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Home LJS Podcast LJS 236: Spice Up Your Jazz Ballad Playing with Side Step 2-5's

LJS 236: Spice Up Your Jazz Ballad Playing with Side Step 2-5’s

Welcome to episode 236 of the LJS Podcast where today I show you a simple technique that will help you take your jazz ballad playing to the next level. One of the challenges of playing ballads is the slow tempo and chords that seem to last forever. Side step 2-5’s will help you add more harmonic movement and have you sounding like a pro.

Listen to episode 236

Ballads can be some of the more difficult jazz standards to solo over top of because they’re typically played at fairly slow tempos and there’s usually a lot of space in between each chord. 

And now that may seem like a bit of a luxury for those who struggle with playing over up-tempos but believe me when I say that soloing over top of slow tempos on ballads can be just as difficult if not more difficult than playing on uptempos. 

So in today’s episode, I’m going to be giving you a cool little technique called side step 2-5’s that can actually help you fill in more of that space, create more harmonic movement and therefore, give you more options and more creativity in your jazz ballad playing.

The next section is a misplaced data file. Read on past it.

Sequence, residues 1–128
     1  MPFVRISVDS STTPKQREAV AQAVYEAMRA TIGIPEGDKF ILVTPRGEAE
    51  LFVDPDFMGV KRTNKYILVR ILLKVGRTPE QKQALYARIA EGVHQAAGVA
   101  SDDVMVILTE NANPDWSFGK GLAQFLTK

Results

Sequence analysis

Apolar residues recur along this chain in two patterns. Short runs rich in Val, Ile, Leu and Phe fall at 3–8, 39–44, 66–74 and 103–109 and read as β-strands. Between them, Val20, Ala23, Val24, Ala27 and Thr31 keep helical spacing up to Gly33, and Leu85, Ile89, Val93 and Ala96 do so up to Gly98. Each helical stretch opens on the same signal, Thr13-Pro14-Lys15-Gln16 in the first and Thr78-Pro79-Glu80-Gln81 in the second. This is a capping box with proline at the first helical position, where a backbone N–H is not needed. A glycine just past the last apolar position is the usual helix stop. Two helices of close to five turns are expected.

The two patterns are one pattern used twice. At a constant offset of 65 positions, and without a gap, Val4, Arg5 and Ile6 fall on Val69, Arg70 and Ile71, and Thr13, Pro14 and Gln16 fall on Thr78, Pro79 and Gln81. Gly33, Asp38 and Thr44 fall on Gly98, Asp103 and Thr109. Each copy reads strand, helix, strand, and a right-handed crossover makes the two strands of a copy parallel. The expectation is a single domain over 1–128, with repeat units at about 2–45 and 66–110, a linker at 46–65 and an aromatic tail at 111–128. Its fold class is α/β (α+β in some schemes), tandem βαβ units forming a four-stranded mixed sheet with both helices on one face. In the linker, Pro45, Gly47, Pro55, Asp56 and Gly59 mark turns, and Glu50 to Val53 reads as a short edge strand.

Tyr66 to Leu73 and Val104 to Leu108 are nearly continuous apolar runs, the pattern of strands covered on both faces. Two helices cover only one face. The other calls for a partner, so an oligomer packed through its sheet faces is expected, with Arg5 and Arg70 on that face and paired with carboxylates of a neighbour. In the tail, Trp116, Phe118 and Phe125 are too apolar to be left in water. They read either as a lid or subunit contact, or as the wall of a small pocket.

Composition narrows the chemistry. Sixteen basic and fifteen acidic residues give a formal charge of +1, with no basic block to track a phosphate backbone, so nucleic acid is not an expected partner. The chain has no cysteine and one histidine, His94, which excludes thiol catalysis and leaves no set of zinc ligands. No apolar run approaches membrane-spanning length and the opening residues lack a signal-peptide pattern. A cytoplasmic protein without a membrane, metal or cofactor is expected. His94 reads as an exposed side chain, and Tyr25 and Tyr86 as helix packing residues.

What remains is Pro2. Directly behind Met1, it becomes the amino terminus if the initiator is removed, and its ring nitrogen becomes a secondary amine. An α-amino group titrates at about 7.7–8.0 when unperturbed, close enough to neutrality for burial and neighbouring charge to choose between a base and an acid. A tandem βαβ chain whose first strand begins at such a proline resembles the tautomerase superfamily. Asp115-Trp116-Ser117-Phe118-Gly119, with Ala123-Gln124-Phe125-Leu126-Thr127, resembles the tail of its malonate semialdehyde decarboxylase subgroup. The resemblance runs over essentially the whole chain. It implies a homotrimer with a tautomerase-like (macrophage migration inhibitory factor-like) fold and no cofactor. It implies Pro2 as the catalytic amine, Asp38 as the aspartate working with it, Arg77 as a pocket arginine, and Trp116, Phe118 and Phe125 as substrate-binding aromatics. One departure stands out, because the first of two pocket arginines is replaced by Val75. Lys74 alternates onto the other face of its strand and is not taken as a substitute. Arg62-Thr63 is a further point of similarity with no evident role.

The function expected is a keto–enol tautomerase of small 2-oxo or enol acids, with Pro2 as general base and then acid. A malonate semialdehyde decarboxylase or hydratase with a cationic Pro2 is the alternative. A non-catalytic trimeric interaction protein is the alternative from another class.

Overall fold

In this episode:

1. Side Step #1: 2-5 replacing the V

2. Side Step #2: 2-5 replacing the vi

Important Links

1. LJS Inner Circle Membership (Access to ear training course)

2. LJS 59: 5 Tips for Playing Jazz Ballads Like an Expert

Brent Vaartstrahttp://www.brentvaartstra.com
Brent Vaartstra is a professional jazz guitarist and educator living in New York City. He is the head blogger and podcast host for learnjazzstandards.com which he owns and operates. He actively performs around the New York metropolitan area and is the author of the Hal Leonard publication "Visual Improvisation for Jazz Guitar." He's also the host of the music entrepreneurship podcast "Passive Income Musician."

3 COMMENTS

  1. I have a different(and maybe easier/lesson confusing?) way of looking at it. I’m seeing it as a chromatic descending bassline.

    Bbm7-A7-AbMaj7. And whenever you have a V7 chord, you can always add its relative ii-7.

  2. I have basically the same question as Len Bates.

    If I play sax, I guess that the piano player or guitar player as to do the same side stepping that I do in my solo ? If he does not, will my lines still sound OK, since after sounding « outside », they resolve nicely ?

  3. Side-step 2-5 sounds beautiful. Question: is this mostly for piano or guitar alone without bass accompaniment? Or can this work with a horn accompanied by a rhythm section without conflicting with the written changes?

    Thanks,
    Len Bates

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